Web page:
NSA whistleblower Edward Snowden. (photo: Guardian UK)
28 August 13
Former president responds to reports in Kommersant newspaper that Cuba bowed to US pressure over NSA leaks
idel Castro has criticised a claim in a Russian newspaper that his country buckled to US pressure and blocked the former NSA contractor Edward Snowden from travelling through Cuba to exile in Latin America.
Castro, who ceded the Cuban presidency to his brother, Raúl, in 2006, and is rarely seen or heard from in public, said the article in the Kommersant newspaper on Monday was a lie and libell
Castro, in a column carried by official media on various international issues, from Syria and Egypt to robots doing police work and Snowden, praised Snowden and out condemned US spying as repugnant.
"It is obvious that the United States will always try to pressure Cuba ... but not for nothing has (Cuba) resisted and defended itself without a truce for 54 years and will continue to do so for as long as necessary," Castro wrote.
Snowden, who is wanted in the US for leaking details of US government surveillance programmes, had planned to fly to Havana from Moscow's Sheremetyevo airport a day after arriving from Hong Kong, on 23 June.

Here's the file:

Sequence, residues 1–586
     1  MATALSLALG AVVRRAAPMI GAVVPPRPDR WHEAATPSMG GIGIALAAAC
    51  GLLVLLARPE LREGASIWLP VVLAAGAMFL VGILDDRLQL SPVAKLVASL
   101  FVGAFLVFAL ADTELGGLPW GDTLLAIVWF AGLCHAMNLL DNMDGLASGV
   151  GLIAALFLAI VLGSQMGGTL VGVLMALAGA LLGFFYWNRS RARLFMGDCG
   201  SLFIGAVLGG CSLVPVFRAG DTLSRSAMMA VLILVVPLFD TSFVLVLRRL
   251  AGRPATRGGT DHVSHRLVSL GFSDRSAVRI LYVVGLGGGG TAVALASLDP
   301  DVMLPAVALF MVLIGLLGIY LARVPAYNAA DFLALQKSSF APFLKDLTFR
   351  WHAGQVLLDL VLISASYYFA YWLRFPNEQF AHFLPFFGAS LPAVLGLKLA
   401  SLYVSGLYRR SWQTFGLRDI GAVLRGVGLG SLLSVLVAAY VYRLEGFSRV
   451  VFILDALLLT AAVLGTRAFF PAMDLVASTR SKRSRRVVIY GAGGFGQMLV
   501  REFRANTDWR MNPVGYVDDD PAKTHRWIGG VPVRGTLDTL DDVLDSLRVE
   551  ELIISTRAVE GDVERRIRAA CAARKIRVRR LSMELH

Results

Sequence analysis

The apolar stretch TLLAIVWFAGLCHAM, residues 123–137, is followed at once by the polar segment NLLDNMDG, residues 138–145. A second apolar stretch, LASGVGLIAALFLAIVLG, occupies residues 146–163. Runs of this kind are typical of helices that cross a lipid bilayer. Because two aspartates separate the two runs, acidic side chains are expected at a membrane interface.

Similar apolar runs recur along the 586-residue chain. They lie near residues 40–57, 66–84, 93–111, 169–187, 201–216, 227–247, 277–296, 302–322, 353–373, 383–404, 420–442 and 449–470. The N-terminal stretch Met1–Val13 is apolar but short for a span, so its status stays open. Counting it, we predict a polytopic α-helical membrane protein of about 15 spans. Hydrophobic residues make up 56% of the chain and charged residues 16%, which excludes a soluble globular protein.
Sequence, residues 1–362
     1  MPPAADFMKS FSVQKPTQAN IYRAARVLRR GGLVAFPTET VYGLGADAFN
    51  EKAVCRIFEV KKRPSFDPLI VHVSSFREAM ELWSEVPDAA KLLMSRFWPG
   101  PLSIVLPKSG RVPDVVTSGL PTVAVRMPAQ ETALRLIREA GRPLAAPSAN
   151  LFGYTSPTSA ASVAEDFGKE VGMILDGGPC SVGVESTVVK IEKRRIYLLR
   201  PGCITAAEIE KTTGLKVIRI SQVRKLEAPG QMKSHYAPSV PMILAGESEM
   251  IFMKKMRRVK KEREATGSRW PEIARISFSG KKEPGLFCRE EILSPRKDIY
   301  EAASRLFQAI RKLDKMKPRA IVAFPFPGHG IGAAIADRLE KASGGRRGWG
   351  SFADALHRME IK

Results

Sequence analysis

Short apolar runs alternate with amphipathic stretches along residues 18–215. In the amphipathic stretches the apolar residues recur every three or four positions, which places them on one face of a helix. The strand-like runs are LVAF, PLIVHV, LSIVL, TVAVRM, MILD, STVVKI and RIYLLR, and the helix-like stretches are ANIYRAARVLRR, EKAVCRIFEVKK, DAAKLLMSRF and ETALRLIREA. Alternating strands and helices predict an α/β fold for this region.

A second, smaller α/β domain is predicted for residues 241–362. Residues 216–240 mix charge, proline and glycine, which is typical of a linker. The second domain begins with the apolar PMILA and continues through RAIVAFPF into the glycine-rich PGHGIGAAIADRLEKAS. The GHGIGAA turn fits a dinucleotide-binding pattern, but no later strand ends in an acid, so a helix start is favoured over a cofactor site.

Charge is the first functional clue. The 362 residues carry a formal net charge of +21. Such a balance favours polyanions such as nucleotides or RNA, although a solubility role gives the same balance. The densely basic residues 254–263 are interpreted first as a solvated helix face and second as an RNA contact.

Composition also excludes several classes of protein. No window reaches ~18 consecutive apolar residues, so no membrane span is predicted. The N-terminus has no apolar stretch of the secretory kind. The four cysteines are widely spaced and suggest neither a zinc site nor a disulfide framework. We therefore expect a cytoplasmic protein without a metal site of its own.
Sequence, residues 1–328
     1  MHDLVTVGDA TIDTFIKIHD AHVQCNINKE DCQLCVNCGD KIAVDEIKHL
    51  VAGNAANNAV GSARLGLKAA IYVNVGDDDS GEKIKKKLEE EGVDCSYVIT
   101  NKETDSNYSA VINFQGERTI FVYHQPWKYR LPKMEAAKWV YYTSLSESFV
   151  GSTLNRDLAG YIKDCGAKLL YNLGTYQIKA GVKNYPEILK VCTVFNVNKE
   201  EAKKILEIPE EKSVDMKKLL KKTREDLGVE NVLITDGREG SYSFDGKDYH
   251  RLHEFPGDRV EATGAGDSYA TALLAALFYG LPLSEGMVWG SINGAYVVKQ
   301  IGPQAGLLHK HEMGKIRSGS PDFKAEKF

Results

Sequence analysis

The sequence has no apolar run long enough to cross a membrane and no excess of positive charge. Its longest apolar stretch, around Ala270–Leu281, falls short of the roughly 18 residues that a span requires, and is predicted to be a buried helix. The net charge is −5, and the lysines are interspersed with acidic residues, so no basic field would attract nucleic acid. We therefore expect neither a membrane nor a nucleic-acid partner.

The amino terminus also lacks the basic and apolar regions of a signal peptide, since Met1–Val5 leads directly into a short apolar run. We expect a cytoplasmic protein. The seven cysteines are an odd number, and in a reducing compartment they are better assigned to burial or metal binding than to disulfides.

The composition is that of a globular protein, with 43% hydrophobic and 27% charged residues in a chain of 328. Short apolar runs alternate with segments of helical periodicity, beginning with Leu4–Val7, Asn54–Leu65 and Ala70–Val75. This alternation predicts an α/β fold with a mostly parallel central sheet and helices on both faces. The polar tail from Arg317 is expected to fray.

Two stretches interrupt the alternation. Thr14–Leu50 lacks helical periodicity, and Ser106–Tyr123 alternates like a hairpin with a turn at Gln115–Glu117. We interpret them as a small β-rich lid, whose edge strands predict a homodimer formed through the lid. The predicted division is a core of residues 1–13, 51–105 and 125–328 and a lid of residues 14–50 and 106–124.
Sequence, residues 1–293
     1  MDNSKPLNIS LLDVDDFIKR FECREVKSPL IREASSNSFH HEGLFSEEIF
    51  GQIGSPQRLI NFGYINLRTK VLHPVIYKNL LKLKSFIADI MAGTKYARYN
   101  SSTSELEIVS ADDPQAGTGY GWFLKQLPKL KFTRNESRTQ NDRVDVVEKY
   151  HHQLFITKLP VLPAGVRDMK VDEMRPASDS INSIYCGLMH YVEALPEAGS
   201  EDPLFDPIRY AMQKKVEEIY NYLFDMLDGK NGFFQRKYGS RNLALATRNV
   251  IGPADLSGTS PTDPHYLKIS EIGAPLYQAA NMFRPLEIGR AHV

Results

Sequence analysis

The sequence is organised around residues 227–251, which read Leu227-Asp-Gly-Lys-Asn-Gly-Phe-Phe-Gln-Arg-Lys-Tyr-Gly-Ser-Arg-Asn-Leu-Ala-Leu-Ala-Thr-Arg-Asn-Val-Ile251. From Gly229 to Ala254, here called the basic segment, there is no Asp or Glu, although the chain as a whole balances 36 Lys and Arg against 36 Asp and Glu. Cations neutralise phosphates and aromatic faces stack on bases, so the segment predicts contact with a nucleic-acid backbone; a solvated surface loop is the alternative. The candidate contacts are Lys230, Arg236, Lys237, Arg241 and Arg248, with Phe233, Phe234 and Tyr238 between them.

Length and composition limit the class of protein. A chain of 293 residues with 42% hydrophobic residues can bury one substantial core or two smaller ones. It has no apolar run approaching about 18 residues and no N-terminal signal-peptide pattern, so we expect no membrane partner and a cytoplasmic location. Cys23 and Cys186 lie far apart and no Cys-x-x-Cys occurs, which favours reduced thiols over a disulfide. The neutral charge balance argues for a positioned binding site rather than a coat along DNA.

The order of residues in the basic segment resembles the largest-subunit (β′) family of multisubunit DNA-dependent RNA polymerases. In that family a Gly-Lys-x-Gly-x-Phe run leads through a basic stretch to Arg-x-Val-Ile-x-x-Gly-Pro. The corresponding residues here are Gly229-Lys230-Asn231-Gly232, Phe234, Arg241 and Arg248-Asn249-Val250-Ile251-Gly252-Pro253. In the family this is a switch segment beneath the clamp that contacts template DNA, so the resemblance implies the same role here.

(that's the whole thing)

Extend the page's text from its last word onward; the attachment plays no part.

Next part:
But Snowden, who eventually accepted a year's asylum in Russia after spending nearly six weeks at Sheremetyevo, did not show up for the flight, although he had been allocated a seat.
Citing several sources, including one close to the US state department, Kommersant said the reason was that at the last minute Cuba had told officials to stop Snowden from boarding the Aeroflot flight.
It said Cuba had changed its mind after pressure by the US, which wants to try Snowden on espionage charges.
Castro, in his column, criticised Kommersant as a well-known "counter-revolutionary" and "mercenary" newspaper.
"I admire the courageous and just declarations of Snowden," Castro wrote.
"In my opinion, he has rendered a service to the world, having revealed the repugnantly dishonest policy of the powerful empire that is lying and deceiving the world," Castro continued.
According to the Russian newspaper, Havana informed Moscow that it would refuse to let the Aeroflot plane land if Snowden was on board.
Castro did not speculate as to why Snowden skipped the Aeroflot flight.